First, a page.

Being continually in touch with the researchers through WhatsApp to align on logistics, discuss topics, or simply build trust also enabled us to be part of their lives and privy to the challenges they faced in accomplishing the various research tasks. One of our researchers abruptly stopped responding to our messages. A few days later, we learned she was experiencing domestic violence. Her husband’s job had changed to night shifts, and his presence within the home all day led to increased control and tension. In the midst of safely moving with her young son into her parent’s home, she had stopped buying airtime to check her messages. This viscerally brought to life what population-based data was only just beginning to hint at: the pandemic was driving up rates of domestic violence.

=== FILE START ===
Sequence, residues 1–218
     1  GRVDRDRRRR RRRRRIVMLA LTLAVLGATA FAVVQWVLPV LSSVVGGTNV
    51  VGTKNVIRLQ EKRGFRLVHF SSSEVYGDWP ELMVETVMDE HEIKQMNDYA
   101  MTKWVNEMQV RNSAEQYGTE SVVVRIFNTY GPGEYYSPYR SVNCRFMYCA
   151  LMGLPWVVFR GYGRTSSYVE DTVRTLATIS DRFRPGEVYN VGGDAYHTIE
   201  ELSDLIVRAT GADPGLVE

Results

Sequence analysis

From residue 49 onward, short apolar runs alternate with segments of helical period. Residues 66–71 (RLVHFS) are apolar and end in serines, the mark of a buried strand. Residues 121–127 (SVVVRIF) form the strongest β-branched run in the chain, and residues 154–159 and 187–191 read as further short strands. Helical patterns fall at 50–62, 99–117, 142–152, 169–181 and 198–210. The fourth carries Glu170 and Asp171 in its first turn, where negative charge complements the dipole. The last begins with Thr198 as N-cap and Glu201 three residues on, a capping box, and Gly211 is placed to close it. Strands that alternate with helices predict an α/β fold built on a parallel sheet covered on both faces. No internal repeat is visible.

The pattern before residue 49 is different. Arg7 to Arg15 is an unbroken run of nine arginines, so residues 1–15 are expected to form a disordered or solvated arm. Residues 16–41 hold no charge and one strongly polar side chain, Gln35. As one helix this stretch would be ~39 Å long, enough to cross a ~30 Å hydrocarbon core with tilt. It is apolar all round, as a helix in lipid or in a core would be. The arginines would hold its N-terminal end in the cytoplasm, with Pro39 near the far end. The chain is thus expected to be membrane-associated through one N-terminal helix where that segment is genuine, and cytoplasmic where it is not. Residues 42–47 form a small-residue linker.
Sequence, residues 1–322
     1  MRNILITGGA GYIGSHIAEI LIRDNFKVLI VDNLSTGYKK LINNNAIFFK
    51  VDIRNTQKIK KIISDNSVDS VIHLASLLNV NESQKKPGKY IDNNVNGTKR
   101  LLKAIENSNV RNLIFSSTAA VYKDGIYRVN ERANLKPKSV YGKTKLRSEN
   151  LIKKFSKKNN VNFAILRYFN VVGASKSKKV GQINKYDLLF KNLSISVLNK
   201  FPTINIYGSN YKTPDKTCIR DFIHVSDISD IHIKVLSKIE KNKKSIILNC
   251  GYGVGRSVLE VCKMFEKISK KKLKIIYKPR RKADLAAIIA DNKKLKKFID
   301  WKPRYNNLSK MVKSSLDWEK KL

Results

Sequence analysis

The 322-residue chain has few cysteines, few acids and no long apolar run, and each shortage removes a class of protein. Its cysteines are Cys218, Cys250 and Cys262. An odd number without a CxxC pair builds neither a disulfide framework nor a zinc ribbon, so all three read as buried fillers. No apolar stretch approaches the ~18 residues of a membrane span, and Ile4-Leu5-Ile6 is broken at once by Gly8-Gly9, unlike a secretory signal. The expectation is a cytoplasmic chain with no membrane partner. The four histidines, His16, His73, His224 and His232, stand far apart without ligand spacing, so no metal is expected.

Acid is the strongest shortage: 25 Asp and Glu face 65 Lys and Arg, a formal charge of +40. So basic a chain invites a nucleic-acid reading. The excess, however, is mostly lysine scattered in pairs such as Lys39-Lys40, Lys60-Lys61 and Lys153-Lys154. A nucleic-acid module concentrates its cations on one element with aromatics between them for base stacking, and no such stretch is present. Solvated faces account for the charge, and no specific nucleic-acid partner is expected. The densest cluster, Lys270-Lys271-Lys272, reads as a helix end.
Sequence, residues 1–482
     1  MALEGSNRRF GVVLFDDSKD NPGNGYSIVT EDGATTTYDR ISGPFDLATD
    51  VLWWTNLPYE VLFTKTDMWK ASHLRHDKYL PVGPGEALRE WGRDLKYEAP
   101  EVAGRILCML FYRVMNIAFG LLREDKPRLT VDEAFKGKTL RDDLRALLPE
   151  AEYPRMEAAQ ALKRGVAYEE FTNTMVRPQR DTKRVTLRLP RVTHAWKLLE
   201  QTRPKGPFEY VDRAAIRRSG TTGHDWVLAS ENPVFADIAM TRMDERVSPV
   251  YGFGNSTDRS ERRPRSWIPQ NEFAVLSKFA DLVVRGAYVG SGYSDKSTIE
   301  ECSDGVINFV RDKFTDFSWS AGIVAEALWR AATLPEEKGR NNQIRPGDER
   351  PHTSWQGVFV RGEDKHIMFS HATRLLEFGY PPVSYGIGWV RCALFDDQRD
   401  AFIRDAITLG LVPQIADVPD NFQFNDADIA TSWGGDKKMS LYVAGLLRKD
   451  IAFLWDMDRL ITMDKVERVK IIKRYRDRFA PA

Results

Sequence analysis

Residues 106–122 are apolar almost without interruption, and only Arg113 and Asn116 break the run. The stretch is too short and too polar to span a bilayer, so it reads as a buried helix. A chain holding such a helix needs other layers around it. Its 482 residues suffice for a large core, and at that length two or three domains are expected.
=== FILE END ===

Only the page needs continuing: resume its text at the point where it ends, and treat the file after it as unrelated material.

While these examples all point to the benefits of locally driven research, a critical challenge was how to support researchers without formal training to become aware of their biases. We had selected the researchers based on how they had demonstrated, in the earlier phases of the larger Pathways work, an eagerness to learn and a natural ability to develop rapport and establish immediate connection during interviews. The local researchers are often encouraged to have answers instead of leaning into the subjective nature of their own experience and can be more inclined to stop at a surface level of questioning. We came to realize that this initial lack of probing came from their immediate proximity within the research context and the assumption that they understood why the respondents were acting in the ways they were. We had to help them discover the research value in always asking for examples from the participant’s own life and experience. To illustrate this, we needed to be attuned to when these moments might happen. For example, during interviews participants often questioned whether government messaging around COVID-19 was propaganda and if the data being shared could be trusted. With histories of their own—including negative experiences with and beliefs about authority figures—it was harder for researchers to remain neutral and probe for the “why,” especially when it came to questions they thought they knew the answer to.